Daredevil star Charlie Cox talks about the changes that have occurred within Matt Murdock since the season finale, and how Season 2 will be different. Charlie also teases a new villain, someone that may test Murdock’s own sense of morality, as well as his strengths as the hero.
Daredevil Star Charlie Cox Discusses How Matt Murdock Is A Changed Man
The Daredevil star reveals that Season 2 will pick up with Matt Murdock and his alter ego each feeling pretty good about life in general. Wilson Fisk is behind bars, and the crime rate has plummeted, giving Daredevil just a little bit of a break. As a result, Cox says the character has had a chance to get accustomed to the superhero lifestyle, and that he’s started to accept and even enjoy it, but that euphoric feeling won’t last very long.
“Over the course of this season, very quickly he comes up against a challenge that is perhaps even more difficult to contain than even Wilson Fisk and that, of course, is incredibly humbling.”
When asked to expound on that challenge, Charlie says Daredevil will come up against Frank Castle (Jon Bernthal), who initially seems to be just another supervillain. Murdock tries to equate him with the likes of Wilson Fisk, but, as events progress, Cox reveals that things will become less cut and dry for Daredevil.
The public and the media will begin to compare Castle (A.K.A. The Punisher) with Daredevil and, although Murdock resists those ideas, he will eventually come around to see that they really are alike in the goals they’re each trying to achieve. Daredevil may not agree with The Punisher’s methods, but he does come to terms with the fact that they want the same things.
Mr. Cox suggests that his character’s own arrogance may be Daredevil’s undoing this season. By the second episode of Daredevil, as Matt Murdock is told to let the police handle Castle, he’s already convinced only he can bring down this one villain.
“Matt Murdock says, ‘This guy is going to pile up through the cops. They’re not going to do anything.’ If you think about what you’re suggesting, especially as a lawyer, that’s an incredibly controversial arrogant statement to make,” suggests the Daredevil actor. “He’s saying the cops collectively couldn’t bring down one guy, but I might be able to.”
Meet The Woman Behind Elektra, The Supervixen To Steal Daredevil’s Heart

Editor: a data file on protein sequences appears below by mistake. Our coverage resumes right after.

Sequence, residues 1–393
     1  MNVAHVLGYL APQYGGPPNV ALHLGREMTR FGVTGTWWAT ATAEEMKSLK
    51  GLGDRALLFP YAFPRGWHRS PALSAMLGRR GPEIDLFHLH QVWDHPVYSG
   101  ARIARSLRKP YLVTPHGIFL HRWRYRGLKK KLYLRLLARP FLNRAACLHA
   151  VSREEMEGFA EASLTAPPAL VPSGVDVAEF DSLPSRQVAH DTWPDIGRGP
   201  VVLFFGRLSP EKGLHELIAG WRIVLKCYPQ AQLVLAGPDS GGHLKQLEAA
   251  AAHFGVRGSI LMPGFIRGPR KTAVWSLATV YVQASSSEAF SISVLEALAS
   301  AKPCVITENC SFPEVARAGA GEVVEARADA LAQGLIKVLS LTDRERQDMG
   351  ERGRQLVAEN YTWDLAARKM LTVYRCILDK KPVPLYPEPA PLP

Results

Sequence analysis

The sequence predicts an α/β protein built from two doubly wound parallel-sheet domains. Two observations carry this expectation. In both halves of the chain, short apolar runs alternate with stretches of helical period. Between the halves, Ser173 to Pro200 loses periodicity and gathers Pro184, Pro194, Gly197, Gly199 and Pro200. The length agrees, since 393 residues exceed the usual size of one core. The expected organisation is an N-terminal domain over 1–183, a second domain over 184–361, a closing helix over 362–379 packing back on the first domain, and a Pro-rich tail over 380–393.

There have been many incarnations of Elektra on both television and the big screen. Who could forget leather-clad Jennifer Garner in the theatrical role? While some criticize Élodie Yung’s incarnation on Daredevil, suggesting that version of the character is lacking something, Yung dismisses comments from such critics as nonsense. Yung should know. Upon learning that she had been awarded the Elektra role in the Daredevil series, Élodie bought and read every issue in the comic book series, a collection which she now refers to as her Elektra bible.
“Elektra isn’t a villain and isn’t a good girl but as Frank Miller [comic book writer and Elektra creator] said, she is one of the villains with a weak streak in them, and that’s a failure that I tried to explore.”
In truth, there are differences between the Elektra comic book character and Élodie Yung’s portrayal of her on Daredevil. The most obvious change is her updated wardrobe, but, perhaps even more substantial than that, comes the change in the way the character is handled. In the Daredevil comic books, Elektra is little more than eye candy, or, at best, a vehicle for moving the story forward. Yung wanted a more vital role for the Daredevil character she was to portray.
“The writers wanted her to be a sociopath,” Yung says, “I think when you read the comics there are those elements. She has no guilt and no remorse and she kills. But she also has this bond and this love for Matthew when they were younger. And that was important to me to keep in mind. I didn’t want to make a caricature version of Elektra.”
[Image by Netflix]